Today’s Wonder of the Day was inspired by gemma and jacob. gemma and jacob Wonders, “how to ride a bike” Thanks for WONDERing with us, gemma and jacob!

Have you ever felt nervous about doing something that you haven't done in a long time? Will you remember how to do it? Will you look foolish? Along the way, someone is sure to tell you not to worry, because you're sure to remember and pick up right where you left off. They may even say, "It's just like riding a bike!"

If you're a kid, that might not give you much assurance, since riding a bike can seem like a monumental task if you've never taken off the training wheels. If you know how to ride a bike, though, you can understand the sentiment behind the statement. Once you learn how to ride a bike, it's not something your body easily forgets.

Luckily for kids, learning to ride a bike is something that's much easier to do when you're young. If you wait until you're an adult to learn how to ride a bike, it can be much more difficult to master the necessary skills.

Most kids can start learning how to ride a bike between the ages of three and six. Many children begin by riding a bike with training wheels. The training wheels stick out on each side of the rear wheel, preventing the bike from falling over while you're riding it.

Eventually, though, you need to take the training wheels off and learn how to ride on just two wheels. The first and most important step is to master one skill that your training wheels have been helping with all along: balance.

For some kids, mastering balance means that a friend or family member runs alongside you with a hand on the back of your bike until you gain enough forward momentum to balance yourself on two moving wheels. Bicycle experts, however, recommend a slightly different approach.

After putting on a bicycle helmet, which is the most important piece of safety gear you should always wear when riding a bike, you should lower your bicycle seat until you can sit with your feet flat on the ground. Then find a large, flat, smooth area that's away from cars and people.

Begin by scooting the bike forward, using your feet to propel you. Get comfortable with the feel of the bike, and learn to balance it. Since your feet can reach the ground easily, there's no fear of falling over. As you get comfortable balancing the bike, start to raise your feet and coast for longer and longer distances.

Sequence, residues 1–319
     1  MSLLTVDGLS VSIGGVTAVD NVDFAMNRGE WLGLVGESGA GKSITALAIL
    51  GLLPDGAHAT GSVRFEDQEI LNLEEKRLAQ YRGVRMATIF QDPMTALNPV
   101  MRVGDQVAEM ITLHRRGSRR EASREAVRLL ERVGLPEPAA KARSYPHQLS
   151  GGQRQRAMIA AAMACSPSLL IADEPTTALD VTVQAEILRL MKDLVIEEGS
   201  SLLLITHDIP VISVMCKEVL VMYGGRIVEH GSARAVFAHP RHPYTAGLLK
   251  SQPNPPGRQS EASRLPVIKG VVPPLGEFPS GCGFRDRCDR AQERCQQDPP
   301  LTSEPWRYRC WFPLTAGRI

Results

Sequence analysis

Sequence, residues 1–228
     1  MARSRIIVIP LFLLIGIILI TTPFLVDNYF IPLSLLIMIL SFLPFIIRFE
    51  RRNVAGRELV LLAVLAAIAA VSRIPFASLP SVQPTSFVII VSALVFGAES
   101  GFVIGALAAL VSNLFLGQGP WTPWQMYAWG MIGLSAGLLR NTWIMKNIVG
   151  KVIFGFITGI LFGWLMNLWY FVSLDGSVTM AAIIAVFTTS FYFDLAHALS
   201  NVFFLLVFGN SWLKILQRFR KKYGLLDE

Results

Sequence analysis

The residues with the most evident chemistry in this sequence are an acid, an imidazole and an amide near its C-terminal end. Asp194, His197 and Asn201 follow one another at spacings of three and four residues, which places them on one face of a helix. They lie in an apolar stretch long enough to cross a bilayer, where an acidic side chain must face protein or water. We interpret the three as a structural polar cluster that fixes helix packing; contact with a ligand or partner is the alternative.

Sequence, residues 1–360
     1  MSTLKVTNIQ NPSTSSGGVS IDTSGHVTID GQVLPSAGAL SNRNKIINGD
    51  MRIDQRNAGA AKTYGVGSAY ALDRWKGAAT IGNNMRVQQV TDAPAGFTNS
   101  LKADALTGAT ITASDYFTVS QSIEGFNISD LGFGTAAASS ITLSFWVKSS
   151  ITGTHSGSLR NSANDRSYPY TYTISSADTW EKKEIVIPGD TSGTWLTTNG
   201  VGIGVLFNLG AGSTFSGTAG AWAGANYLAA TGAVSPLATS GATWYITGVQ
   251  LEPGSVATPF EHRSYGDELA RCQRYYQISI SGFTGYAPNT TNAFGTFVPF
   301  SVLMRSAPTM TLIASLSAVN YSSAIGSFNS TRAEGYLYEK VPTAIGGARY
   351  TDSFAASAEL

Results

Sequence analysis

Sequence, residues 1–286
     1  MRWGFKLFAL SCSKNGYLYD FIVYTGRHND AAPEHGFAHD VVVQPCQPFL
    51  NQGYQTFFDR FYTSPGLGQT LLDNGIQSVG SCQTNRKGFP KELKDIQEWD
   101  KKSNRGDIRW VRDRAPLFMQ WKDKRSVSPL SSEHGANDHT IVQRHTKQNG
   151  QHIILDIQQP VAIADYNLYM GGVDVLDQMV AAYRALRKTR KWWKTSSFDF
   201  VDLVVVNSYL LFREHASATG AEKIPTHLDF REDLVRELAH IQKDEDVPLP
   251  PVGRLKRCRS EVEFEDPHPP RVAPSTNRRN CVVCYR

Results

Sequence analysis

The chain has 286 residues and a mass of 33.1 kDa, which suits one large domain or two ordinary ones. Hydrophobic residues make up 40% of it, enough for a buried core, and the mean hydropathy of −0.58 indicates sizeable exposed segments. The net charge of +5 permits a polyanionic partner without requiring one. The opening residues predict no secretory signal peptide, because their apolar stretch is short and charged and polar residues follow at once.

When you can balance and coast for long distances easily, incorporate turns and steering. Wide, gentle turns might only require shifting your weight from side to side. Narrow, sharper turns will require you to steer in addition to shifting your weight.

By the time you master turning and steering while coasting, you'll probably realize you're ready to pedal. As you coast along, slowly bring your feet up to the pedals and start pedaling forward, gaining speed and momentum. When you accomplish this, guess what? You're riding a bike!

Once you have the basics down pat, you'll never forget them. Your body's muscle memory will kick in and help you find the necessary balance to ride, even if you haven't ridden a bike in years! Just because you have the basics down, though, doesn't mean you're finished learning.

There are many other basic bicycle riding skills to master, including starting, stopping, and paying attention to traffic laws, so that you're always a safe bike rider. Have fun mastering this rite of passage and creating a memory that'll last forever!

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